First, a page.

Wait for 5G? The IoT needn’t hold its breath
Wait for 5G? The IoT needn't hold its breath.

Wait for 5G? The IoT needn’t hold its breath

When it comes to the connection between 5G and the IoT, confusion reigns.

Some uncertainty is, perhaps, to be expected. After all, 5G, the fifth generation of mobile network technology, is still some way off – but it is frequently touted as ‘the future of the IoT’, not least by mobile network operators who urgently need to tap into new revenue streams, in order to offset dwindling growth in mobile phone contracts with new business-to-business IoT deals. In other words, they would say that, wouldn’t they?

The real picture is in fact far more mixed, giving rise to much bewilderment among IoT adopters.

This point was neatly encapsulated by research published this week by IT market research company Gartner. In the firm’s survey of 200 IT and business leaders worldwide, it found that almost six out of ten (57 percent) of respondents believe that their organization’s main intention for 5G is to use it to drive IoT communications.

Read more: IoB Insiders: The certain uncertainties of 5G

A surprising result

Gartner analyst Sylvain Fabre says he was taken aback by the result. “This finding is surprising, as the number of deployed ‘things’ that need cellular connectivity won’t exceed the capacity of existing IoT technologies before 2023 in most regions,” he said. And even once fully implemented, he added, 5G will suit only a narrow subset of IoT use cases.

It’s an important point. Most 5G enthusiasts are quick to point to its promises of high bandwidth and low latency. These networks will allow the transmission of billions of bits versus the thousands offered by 4G networks, they argue, and at speeds of up to 1 millisecond, as opposed to 40 milliseconds on 4G. And when it comes to connection density, a 5G network can provide up to a million connections per square kilometres, while 4G only provides thousands.

But a vast number of IoT applications don’t need high bandwidth and they don’t need low latency. A sensor on a smart utilities network doesn’t need to send huge amounts of data, isn’t particularly sensitive to latency and may only need to send data every 10 minutes or so.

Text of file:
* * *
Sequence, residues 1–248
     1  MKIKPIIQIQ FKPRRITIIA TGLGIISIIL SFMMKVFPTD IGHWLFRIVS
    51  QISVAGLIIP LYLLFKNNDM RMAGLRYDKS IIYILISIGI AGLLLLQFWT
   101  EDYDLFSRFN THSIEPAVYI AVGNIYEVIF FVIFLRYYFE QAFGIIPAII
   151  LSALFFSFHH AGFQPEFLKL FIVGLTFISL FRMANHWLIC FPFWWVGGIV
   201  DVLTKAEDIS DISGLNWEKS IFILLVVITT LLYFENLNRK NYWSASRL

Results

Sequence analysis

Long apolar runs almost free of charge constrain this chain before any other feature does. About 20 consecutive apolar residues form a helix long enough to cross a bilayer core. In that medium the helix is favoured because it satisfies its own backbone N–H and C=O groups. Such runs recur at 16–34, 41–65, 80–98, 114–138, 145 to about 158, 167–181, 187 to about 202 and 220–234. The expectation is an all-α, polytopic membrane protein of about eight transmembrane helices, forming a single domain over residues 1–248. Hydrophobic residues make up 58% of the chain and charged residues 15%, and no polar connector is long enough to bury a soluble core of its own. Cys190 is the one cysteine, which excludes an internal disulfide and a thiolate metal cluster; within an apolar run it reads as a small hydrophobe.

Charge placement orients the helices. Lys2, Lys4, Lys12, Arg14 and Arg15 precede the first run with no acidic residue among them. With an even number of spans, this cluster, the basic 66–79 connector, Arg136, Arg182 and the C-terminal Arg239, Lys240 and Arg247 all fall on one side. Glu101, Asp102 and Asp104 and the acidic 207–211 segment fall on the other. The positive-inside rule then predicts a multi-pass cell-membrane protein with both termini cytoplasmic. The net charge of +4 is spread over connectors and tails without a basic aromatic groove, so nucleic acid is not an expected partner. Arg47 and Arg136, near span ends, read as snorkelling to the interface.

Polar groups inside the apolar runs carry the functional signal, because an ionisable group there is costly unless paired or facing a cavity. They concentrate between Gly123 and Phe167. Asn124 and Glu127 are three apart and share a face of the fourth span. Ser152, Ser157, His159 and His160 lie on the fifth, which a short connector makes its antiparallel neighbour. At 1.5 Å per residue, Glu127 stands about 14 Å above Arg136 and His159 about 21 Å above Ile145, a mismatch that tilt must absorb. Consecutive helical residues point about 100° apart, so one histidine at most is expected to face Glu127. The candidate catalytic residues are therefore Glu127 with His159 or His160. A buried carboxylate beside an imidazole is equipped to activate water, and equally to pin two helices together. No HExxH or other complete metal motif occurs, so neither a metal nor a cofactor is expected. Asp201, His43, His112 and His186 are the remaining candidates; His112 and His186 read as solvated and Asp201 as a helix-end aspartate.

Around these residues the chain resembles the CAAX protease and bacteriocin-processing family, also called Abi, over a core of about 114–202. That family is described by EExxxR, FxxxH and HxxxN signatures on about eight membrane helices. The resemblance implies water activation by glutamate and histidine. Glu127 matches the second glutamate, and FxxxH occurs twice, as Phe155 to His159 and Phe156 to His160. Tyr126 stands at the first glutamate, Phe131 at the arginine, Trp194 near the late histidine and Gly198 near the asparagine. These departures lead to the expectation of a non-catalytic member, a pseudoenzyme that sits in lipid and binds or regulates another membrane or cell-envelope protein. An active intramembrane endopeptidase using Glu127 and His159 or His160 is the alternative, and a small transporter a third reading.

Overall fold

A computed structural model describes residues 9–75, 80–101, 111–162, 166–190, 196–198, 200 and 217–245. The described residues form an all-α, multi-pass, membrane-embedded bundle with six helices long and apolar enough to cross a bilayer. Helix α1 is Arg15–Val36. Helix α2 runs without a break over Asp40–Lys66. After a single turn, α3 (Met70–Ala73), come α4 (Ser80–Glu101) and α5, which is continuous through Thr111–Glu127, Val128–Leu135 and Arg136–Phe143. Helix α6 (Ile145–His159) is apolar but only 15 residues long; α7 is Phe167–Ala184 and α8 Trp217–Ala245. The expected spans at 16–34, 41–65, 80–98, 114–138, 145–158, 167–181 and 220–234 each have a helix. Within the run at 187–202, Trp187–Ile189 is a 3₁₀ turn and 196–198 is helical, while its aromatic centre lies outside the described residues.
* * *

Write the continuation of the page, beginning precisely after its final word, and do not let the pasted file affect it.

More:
There are some exceptions, of course, particularly IoT applications in healthcare and road safety, for example. But the fact remains that many IoT use cases are already amply supported by existing low-power, wide-area networking (LPWAN) technologies running on unlicensed spectrum – that is, spectrum that isn’t owned (or charged for) by the mobile network companies.

Read more: UK government pledges £16 million investment in 5G test network

Plenty of options

As Gartner’s Mr Fabre indicates, many connectivity options are equally proven and, by default, less expensive than the licensed-spectrum alternatives. “Use of Wi-Fi, Zigbee or Bluetooth, for example, would avoid the cost and complexity associated with cellular communications,” he points out.

And to muddy the waters further, when 5G does finally emerge, it looks likely to combine licensed and unlicensed technologies, in any case. That’s because many mobile network operators are starting to realize that they have an opportunity to augment the services they provide via the licensed bands that they own, especially in crowded indoor and outdoor public spaces, with unlicensed spectrum via small cells.

Convergence, then, will be key, as the Wireless Broadband Alliance (WBA) points out in its November 2016 report, Roadmap for Coexistence and Convergence in 5G. In its industry survey, 62 percent of respondents believe that 5G will be a combination of licensed and unlicensed technologies and almost nine out of ten (88 percent) agree that unlicensed spectrum technologies are “critical for the development of 5G”.

Read more: 5G will drive IoT adoption, Ericsson claims

Still some way off

What is perhaps more immediately worrying, however, is the expressed belief of 84 percent of Gartner’s respondents that 5G will be widely available by 2020.

Not so, says Mr Fabre: he reckons that, by then, only 3 percent of the world’s network-owning mobile communications service providers will have launched 5G networks commercially. From studying these companies’ roll-out plans, he adds, widespread availability doesn’t seem likely before 2022.

So the message is clear: no organization should be waiting for 5G to get started on IoT. It simply doesn’t make sense to postpone these decisions, based on the promises currently being made for the technology.